"It's just a fun place to be and nice to be together as a team watching the Super Bowl and getting a break," Quenneville told the Las Vegas Sun. "It's a nice little change and I think the whole trip went well."
The Hawks continued their road trip with a 3-1 win against the Oilers on Tuesday and a 5-2 victory Thursday at Calgary. They're in Vancouver on Saturday, Atlanta on Wednesday and St. Louis on Friday before playing at the United Center again on Valentine's Day against Dallas. Don't feel bad for me
-- Dan Ellis isn't feeling sorry for himself, so he wants none of your sympathy either.
Nashville's presumed No. 1 goalie, who won 25 games last season and led the NHL with a .924 save percentage, has lost his job to rookie Pekka Rinne.
"The final chapter hasn't been written yet," Ellis told The Tennessean. "It's all about re-earning the spot I used to have. ...And, I draw confidence from having done that in the past."
Rinne started for the sixth consecutive game Thursday against Anaheim and picked up fourth win in that stretch with a 4-2 victory. Entering Friday, he had appeared in 17 of the Predators' last 20 games after seeing time in just nine of their first 31.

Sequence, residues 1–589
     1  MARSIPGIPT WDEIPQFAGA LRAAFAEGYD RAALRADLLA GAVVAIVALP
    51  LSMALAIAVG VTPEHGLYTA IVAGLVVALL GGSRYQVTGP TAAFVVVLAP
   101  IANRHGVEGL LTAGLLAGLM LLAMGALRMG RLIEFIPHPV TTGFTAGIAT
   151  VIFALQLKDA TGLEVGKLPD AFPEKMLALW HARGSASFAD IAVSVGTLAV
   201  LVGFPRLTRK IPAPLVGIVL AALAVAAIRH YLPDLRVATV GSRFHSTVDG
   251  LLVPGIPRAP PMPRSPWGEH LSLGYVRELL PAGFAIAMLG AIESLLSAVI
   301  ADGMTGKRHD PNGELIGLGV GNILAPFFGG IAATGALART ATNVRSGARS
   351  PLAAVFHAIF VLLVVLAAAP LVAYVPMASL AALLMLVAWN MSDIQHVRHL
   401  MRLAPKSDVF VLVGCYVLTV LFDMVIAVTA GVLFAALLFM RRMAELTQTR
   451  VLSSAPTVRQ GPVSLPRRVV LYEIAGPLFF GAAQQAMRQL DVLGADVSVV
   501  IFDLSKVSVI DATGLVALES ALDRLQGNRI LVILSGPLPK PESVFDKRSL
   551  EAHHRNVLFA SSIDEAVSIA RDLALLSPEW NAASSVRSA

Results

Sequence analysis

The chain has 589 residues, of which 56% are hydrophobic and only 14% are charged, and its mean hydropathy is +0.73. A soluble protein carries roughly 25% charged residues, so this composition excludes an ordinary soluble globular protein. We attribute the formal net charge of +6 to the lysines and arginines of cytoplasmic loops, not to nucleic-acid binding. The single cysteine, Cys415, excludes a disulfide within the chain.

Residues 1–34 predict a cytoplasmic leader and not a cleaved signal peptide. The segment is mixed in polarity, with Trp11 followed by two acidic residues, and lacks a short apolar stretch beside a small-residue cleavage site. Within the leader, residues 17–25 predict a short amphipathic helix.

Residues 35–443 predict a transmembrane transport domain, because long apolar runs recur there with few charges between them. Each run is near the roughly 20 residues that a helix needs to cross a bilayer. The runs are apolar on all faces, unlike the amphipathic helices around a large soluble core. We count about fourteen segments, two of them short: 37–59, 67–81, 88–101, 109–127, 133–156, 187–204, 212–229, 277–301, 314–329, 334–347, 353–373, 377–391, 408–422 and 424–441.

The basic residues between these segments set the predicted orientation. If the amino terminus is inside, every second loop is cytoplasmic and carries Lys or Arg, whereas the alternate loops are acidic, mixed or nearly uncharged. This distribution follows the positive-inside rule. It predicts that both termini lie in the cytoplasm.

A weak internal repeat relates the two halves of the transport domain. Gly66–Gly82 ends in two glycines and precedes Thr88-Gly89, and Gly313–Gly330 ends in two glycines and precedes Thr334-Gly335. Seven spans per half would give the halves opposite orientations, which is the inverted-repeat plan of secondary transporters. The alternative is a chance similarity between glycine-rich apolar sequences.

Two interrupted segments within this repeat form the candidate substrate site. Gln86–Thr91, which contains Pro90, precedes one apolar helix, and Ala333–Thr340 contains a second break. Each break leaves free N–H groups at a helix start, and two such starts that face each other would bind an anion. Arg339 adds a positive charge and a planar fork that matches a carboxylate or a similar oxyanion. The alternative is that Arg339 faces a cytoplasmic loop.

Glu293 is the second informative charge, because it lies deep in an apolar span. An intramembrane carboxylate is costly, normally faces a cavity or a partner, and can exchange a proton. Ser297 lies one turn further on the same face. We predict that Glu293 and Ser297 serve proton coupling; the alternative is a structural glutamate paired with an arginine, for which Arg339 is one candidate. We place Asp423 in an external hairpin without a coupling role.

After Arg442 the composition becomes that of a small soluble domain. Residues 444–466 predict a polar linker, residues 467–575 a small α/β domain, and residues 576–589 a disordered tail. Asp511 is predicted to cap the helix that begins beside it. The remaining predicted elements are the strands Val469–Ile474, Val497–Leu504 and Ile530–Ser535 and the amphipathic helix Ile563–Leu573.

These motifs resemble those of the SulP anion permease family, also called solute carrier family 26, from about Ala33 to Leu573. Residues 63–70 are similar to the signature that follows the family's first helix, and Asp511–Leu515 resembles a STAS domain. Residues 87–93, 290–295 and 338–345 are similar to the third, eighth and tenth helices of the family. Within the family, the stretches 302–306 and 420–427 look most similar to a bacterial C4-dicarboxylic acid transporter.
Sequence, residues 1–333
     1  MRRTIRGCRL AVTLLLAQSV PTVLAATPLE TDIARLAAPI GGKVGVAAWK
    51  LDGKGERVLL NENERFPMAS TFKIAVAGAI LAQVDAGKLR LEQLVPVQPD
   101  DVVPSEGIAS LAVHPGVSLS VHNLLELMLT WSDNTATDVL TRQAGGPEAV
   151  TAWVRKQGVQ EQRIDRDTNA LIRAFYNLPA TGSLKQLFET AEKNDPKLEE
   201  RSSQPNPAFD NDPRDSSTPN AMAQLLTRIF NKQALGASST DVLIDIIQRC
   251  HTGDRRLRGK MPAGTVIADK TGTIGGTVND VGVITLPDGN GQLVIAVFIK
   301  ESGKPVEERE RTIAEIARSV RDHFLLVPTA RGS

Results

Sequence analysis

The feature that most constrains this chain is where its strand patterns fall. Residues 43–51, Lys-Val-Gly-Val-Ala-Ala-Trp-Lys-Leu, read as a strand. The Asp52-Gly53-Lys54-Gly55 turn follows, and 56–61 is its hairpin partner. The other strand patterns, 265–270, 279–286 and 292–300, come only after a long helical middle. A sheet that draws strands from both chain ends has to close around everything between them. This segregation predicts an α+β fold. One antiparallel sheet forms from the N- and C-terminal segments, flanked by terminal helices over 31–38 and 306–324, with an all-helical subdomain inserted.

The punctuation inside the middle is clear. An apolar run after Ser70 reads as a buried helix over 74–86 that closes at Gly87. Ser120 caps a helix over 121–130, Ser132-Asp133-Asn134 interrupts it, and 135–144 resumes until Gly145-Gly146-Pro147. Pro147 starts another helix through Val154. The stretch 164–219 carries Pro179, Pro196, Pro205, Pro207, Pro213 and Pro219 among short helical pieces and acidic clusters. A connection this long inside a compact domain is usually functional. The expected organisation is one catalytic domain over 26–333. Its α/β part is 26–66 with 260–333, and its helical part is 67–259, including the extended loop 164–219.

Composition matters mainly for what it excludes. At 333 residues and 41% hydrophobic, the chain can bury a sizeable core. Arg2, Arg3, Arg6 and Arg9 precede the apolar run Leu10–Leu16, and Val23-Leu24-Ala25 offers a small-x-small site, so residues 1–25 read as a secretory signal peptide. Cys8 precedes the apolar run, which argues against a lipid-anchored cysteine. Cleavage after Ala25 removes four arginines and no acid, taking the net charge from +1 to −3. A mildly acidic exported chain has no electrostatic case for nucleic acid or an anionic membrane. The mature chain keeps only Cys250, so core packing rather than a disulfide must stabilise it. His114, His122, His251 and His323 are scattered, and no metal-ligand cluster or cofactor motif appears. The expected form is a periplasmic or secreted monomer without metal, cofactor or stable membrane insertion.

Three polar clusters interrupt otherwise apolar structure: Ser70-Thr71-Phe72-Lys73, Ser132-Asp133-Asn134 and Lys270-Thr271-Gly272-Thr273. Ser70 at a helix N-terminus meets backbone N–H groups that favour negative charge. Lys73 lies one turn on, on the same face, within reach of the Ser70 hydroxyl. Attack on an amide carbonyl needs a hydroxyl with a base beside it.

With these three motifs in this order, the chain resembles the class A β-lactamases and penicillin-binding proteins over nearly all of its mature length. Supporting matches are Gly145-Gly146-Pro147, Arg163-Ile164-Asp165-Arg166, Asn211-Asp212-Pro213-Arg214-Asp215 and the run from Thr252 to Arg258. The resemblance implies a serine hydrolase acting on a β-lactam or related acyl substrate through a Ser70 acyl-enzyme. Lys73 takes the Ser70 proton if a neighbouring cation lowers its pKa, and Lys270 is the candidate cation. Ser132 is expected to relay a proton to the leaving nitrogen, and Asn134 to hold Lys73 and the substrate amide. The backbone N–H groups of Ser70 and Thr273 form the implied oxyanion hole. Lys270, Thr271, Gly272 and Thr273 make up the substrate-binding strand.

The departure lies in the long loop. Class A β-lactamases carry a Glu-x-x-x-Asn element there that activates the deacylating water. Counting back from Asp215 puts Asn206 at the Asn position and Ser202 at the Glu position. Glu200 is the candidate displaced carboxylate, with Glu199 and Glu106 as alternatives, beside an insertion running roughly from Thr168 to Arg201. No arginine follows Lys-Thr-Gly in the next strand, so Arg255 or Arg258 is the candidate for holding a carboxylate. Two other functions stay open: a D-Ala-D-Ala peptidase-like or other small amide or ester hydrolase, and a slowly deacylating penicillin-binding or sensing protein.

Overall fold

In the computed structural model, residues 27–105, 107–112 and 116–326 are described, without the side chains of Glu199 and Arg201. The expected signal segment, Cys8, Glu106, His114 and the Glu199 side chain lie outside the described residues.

Meanwhile, before Friday, the last time we saw Ellis was Jan. 17 when coach Barry Trotz pulled him less than 11 minutes into the game after he gave up his third goal on four shots.
Ellis entered Friday's game at Minnesota with 10 wins in 30 appearances and a 2.92 goals-against average, but he's not down on himself or his game. It's the exact opposite, in fact.
"It's funny," he told the newspaper, "I feel better about my game this year, but the stats are polar opposite." Peca takes stand
-- Following Tuesday's disheartening 4-2 loss to St. Louis, when the Jackets blitzed the Blues by a 15-2 margin in shots in the third period and still couldn't score, veteran center Michael Peca had some comments that were, shall we say, interesting to say the least.
Peca didn't just put the blame on the players. He went one step further.
"We're a team when we get down, from the coach out, we get a little rattled too soon and too easily," Peca said. "You can see it in the play. When we get down things get jumbled up and we are scrambling and pressing too much. We have to learn not to lose our wits about us."
Entering Friday's game at Pittsburgh, the Blue Jackets were 1-17-3 when trailing after two periods this season. Asked why, Peca said, "If I had the answer, I'd be coaching the hockey team."
"If we were to go into the playoffs today with the penalty kill the way it is now we can't win. I say that with all honestly. We can't win." -- Mike Babcock